Blind Fear: Unraveling the Psychological Maze in Whitefish

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Updated: Sep 07, 2023
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I bought a house in the small town of Whitefish. The house wasn’t new, but I didn’t really care. The important part was that I could get out of the city. I had just got out of an abusive relationship a few months ago. He was a narcissist and a control freak, constantly invading my privacy and even planting hidden cameras around the house. While I managed to get him arrested after catching him planting a tracking device, I couldn’t shake the feeling of constantly being watched.

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I felt his hidden cameras were everywhere, watching me at home and on the streets, so I decided to move out into the country to somewhere less crowded, just for peace of mind. The house itself was big and somewhat drafty, but otherwise very welcoming. The agent who showed me the house had been obligated to mention that a serial killer had lived here in the past. However, she, and later, my next-door neighbor Annie, both told me not to be too worried. Three other owners had lived there since then, and all of them were very happy during their time here. At least that’s a better deal than what my friend Joan got.

I loved the house. Its interior furnishings were beautiful and very comfortable, although there was a disturbing excess of mirrors. The people of Whitefish were friendly, often inviting me over for dinner. “Be there for each other,” they said after hearing my reason for moving here, “That’s the key to making sure everyone who lives here feels at home.” But after a while, I stopped feeling at home. The sensation of my ex-boyfriend watching returned, worse than before. I tried to ignore it, but soon I started to become paranoid, losing sleep. Perhaps it was because I’d heard too much from Joan and that nasty incident with the house she bought. It was during this time that I heard about The Whitefish Daffodil, the serial killer who had lived in my house. No one knows his exact kill count or methods, but The Whitefish Daffodil was said to be someone with an extremely severe case of narcissism.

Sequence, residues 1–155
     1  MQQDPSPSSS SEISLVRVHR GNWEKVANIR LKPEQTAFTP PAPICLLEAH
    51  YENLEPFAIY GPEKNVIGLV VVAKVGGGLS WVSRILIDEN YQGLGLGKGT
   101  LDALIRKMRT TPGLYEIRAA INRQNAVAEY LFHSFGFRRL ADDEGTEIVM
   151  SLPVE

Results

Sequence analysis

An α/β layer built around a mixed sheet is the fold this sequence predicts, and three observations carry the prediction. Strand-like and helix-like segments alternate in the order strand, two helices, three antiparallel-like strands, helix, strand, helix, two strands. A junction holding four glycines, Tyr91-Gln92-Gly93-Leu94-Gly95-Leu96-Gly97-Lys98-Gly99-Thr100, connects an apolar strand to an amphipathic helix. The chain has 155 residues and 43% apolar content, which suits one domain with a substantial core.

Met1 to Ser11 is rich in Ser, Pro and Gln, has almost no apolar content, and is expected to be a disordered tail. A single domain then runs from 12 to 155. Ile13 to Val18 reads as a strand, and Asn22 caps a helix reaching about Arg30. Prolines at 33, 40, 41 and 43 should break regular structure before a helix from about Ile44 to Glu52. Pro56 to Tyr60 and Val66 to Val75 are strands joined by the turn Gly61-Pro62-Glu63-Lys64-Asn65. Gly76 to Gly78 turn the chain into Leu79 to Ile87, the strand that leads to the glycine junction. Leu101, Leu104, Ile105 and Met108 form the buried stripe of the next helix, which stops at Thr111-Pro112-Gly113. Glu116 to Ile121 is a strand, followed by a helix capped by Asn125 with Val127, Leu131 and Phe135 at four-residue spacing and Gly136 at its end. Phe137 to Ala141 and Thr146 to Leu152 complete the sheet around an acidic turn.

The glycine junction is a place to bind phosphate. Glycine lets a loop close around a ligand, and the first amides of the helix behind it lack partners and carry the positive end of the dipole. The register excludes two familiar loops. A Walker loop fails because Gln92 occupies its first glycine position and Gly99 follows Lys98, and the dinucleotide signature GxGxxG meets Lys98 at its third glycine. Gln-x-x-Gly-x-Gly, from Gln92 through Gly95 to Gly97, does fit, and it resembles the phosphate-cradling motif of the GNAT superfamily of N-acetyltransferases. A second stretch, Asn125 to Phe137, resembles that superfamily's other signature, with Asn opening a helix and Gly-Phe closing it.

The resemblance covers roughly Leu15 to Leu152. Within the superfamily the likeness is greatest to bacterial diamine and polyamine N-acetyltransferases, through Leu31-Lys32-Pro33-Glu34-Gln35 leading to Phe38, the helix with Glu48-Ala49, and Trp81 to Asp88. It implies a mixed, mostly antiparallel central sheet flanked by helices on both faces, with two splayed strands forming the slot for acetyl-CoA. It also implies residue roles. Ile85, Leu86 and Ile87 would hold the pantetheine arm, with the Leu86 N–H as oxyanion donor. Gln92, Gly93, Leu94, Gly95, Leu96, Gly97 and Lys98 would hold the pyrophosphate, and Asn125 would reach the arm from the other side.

People said that he couldn’t feel comfortable unless he felt he was being watched. He was finally exposed after being caught in the act of putting up a scarecrow to watch him during the night. Only it wasn’t a scarecrow. The Daffodil had murdered a 17-year-old girl and turned her into a scarecrow, just so her corpse could stare at him while he slept. He escaped justice, and the police never discovered his real identity. The story gave me chills, and afterwards, I felt like there were hundreds of eyes watching me wherever I was. However, today was the day I finally lost it. I was making breakfast when I felt the eyes on me again, as potent as ever. It was as if my ex-boyfriend was still here.

Instinctively, out of fear, I threw my kitchen knife, which smashed through a mirror, stabbing into the wall. As I looked at the knife I’d pulled out from the wall, I found myself staring back at a pair of eyes, pickled in formaldehyde. I’d been watching the police peel away the wallpapers of my house for hours now. So far, they had found 164 pairs of eyes in little glass jars hidden in fake walls behind the mirrors. Each and every one was staring at me.


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Blind Fear: Unraveling the Psychological Maze in Whitefish. (2022, Aug 18). Retrieved from